The Burn Palace by Stephen Dobyns

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The story is mysterious and engaging, leaving us with a certain sense of fear regarding the supposed social order and the legitimacy of the institutions we trust most.
-NY Journal of Books

Synopsis

The sleepy community of Brewster, Rhode Island, is just like any other small American town. It’s a place where most of the population will likely die blocks from where they were born; where gossip spreads like wildfire, and the big entertainment on weekends is the inevitable fight at the local bar. But recently, something out of the ordinary—perhaps even supernatural—has been stirring in Brewster. While packs of coyotes gather on back roads and the news spreads that a baby has been stolen from Memorial Hospital (and replaced in its bassinet by a snake), a series of inexplicably violent acts begins to confound Detective Woody Potter and the local police—and inspire terror in the hearts and minds of the locals.

From award-winning author Stephen Dobyns comes a sardonic yet chillingly suspenseful novel: the literary equivalent of a Richard Russo small-town tableau crossed with a Stephen King thriller. The Burn Palace is a darkly funny, twisted portrait of chaos and paranoia, with an impressive host of richly rendered, larger-than-life characters and a thrilling plot that will keep readers guessing until the final pages.
 

About Stephen Dobyns

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STEPHEN DOBYNS is the author of more than thirty novels and poetry collections, including The Church of Dead Girls, Cold Dog Soup, and Cemetery Nights. Among his many honors and awards are a Melville Cane Award, Pushcart Prizes, a National Poetry Series prize, and three National Endowment for the Arts fellowships. His novels have been translated into twenty languages, and his poetry has appeared in the Best American Poems anthology. Dobyns teaches creative writing at Warren Wilson College and has taught at the University of Iowa and Sarah Lawrence College.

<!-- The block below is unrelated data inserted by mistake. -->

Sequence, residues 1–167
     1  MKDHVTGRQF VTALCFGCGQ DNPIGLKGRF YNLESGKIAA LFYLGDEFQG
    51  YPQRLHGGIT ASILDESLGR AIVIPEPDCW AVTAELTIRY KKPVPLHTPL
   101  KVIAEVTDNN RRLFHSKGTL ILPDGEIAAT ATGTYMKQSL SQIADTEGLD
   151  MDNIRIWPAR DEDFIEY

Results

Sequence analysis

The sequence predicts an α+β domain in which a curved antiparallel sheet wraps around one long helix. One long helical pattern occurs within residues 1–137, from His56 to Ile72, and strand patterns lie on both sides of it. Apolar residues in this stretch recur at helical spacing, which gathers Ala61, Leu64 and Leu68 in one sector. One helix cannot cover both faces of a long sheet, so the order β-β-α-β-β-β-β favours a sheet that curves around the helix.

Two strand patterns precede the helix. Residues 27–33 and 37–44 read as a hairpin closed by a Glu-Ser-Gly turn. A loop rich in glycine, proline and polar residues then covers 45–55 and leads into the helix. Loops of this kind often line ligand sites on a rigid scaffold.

Published February 7, 2013 by Plume. 481 pages
Genres: Mystery, Thriller & Suspense, Literature & Fiction, Horror. Fiction
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Critic reviews for The Burn Palace
All: 4 | Positive: 4 | Negative: 0

NY Journal of Books

Good
Reviewed by Jenny Hilborne on Feb 01 2013

The story is mysterious and engaging, leaving us with a certain sense of fear regarding the supposed social order and the legitimacy of the institutions we trust most.

Read Full Review of The Burn Palace | See more reviews from NY Journal of Books

AV Club

Above average
Reviewed by Phil Dyess-Nugent on Mar 11 2013

Dobyns’ book is entirely readable, but it has the feel of a mechanical exercise, a literary writer skillfully trying to concoct a commercial hit from a proven formula.

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Review (Barnes & Noble)

Good
Reviewed by Stefan Beck on Apr 05 2013

If you read the The Burn Palace, be prepared to learn a harsh lesson about yourself. You may discover you just plain like gritty police procedurals, and lurid descriptions of savage violence, and jaw-dropping improbabilities...

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Times Dispatch

Good
Reviewed by Doug Childers on Feb 10 2013

This isn’t an empty-calorie slasher-flick-in-print. Dobyns has written an unhurried, old-fashioned novel, built out of well-rounded characters who find themselves in horrific, barely believable situations.

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Reader Rating for The Burn Palace
68%

An aggregated and normalized score based on 69 user ratings from iDreamBooks & iTunes


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